the former practice of clearing an accused person by the oaths of others testifying to that person's innocence
Origin of compurgationLate Latin compurgatio, a purifying ; from Classical Latin compurgatus, past participle of compurgare, to purge, purify ; from com-, intensive + purgare, to purge
An ancient form of trial in which an accused person could call a number of people, usually 12, to swear to their belief in his or her innocence.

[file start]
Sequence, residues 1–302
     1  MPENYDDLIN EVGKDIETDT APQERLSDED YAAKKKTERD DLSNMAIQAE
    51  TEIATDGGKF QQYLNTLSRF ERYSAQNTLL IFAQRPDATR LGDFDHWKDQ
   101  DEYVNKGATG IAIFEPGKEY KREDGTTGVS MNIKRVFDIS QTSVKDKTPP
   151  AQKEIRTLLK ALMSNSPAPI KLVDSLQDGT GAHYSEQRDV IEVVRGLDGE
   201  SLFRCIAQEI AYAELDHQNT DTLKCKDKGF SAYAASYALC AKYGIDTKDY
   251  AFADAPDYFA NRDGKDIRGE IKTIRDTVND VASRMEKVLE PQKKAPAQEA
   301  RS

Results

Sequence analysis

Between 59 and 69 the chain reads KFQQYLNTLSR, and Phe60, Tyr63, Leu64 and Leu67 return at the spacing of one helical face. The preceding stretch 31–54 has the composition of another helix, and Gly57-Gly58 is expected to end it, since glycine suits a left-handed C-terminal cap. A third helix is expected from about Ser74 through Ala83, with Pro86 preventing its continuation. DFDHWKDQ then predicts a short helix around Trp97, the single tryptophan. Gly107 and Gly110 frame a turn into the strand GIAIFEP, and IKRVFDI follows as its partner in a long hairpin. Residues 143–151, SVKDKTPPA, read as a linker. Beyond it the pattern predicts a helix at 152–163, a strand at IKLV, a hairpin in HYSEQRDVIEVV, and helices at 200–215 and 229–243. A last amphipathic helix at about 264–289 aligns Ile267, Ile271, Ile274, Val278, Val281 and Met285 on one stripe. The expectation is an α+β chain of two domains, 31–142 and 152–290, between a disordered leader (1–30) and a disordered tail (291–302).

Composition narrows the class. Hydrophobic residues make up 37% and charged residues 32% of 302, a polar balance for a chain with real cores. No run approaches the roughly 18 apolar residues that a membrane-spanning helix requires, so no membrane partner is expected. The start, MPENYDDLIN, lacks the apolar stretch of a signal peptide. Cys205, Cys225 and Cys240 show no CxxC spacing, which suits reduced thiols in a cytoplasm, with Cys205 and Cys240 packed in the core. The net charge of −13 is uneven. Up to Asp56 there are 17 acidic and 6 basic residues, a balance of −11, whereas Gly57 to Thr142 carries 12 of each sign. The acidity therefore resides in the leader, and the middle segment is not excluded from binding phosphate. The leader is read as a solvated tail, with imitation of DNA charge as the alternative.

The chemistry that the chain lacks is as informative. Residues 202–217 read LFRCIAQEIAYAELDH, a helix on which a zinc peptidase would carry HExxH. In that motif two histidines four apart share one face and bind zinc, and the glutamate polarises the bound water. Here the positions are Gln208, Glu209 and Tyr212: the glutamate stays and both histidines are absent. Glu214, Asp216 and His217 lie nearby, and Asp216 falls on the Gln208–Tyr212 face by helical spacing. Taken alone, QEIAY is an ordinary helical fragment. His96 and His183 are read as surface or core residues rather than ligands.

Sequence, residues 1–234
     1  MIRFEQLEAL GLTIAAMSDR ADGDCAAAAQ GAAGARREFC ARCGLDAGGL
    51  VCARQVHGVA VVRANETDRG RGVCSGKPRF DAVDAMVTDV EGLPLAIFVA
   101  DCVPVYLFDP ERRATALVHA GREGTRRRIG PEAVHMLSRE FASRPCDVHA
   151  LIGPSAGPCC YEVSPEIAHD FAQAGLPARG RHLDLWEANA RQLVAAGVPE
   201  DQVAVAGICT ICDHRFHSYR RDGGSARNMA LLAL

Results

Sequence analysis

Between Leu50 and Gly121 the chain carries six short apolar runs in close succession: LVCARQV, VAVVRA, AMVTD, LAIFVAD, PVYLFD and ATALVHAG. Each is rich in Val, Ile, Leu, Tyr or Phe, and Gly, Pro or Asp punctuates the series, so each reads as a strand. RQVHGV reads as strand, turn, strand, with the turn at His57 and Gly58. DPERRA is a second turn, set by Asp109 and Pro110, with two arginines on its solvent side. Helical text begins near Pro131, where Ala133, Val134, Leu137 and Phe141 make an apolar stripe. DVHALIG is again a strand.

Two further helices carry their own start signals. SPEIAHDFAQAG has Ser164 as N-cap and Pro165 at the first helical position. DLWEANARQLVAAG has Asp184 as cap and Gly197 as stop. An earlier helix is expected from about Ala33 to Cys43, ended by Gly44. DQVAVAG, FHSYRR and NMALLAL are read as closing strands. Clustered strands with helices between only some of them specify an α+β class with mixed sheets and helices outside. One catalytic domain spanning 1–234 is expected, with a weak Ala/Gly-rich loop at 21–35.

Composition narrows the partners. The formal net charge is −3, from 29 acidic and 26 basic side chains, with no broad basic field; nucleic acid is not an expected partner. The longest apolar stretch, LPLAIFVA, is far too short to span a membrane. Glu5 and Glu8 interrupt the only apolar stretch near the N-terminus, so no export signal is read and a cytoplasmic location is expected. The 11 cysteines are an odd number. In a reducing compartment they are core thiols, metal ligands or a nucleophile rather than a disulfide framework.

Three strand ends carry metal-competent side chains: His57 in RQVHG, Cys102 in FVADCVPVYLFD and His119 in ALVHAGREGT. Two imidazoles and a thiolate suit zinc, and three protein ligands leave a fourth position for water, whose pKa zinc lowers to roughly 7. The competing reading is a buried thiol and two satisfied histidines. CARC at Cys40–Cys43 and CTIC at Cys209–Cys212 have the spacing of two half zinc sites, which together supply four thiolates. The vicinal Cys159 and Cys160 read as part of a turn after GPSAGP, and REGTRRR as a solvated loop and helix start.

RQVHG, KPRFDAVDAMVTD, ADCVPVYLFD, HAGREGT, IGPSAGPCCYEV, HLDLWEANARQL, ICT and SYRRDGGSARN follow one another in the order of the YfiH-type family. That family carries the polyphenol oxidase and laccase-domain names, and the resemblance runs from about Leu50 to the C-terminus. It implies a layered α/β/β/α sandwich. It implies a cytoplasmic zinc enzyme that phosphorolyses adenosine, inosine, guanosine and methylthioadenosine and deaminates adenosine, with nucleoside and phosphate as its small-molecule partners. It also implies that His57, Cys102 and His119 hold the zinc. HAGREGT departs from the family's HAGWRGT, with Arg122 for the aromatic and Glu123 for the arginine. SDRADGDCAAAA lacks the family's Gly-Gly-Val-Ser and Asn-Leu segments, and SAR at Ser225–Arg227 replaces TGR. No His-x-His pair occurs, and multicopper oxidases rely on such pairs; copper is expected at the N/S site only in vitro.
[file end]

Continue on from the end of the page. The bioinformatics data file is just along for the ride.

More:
Origin of compurgationLate Latin comp&umacron;rgati&omacron;, comp&umacron;rgati&omacron;n-, complete purification, from Latin comp&umacron;rgatus, past participle of comp&umacron;rgare, to purify completely : com-, intensive pref.; see com– + p&umacron;rgare, to purify; see peu&schwa;- in Indo-European roots.
From Latin compurgātiōnem, from compurgāre (“to purify”).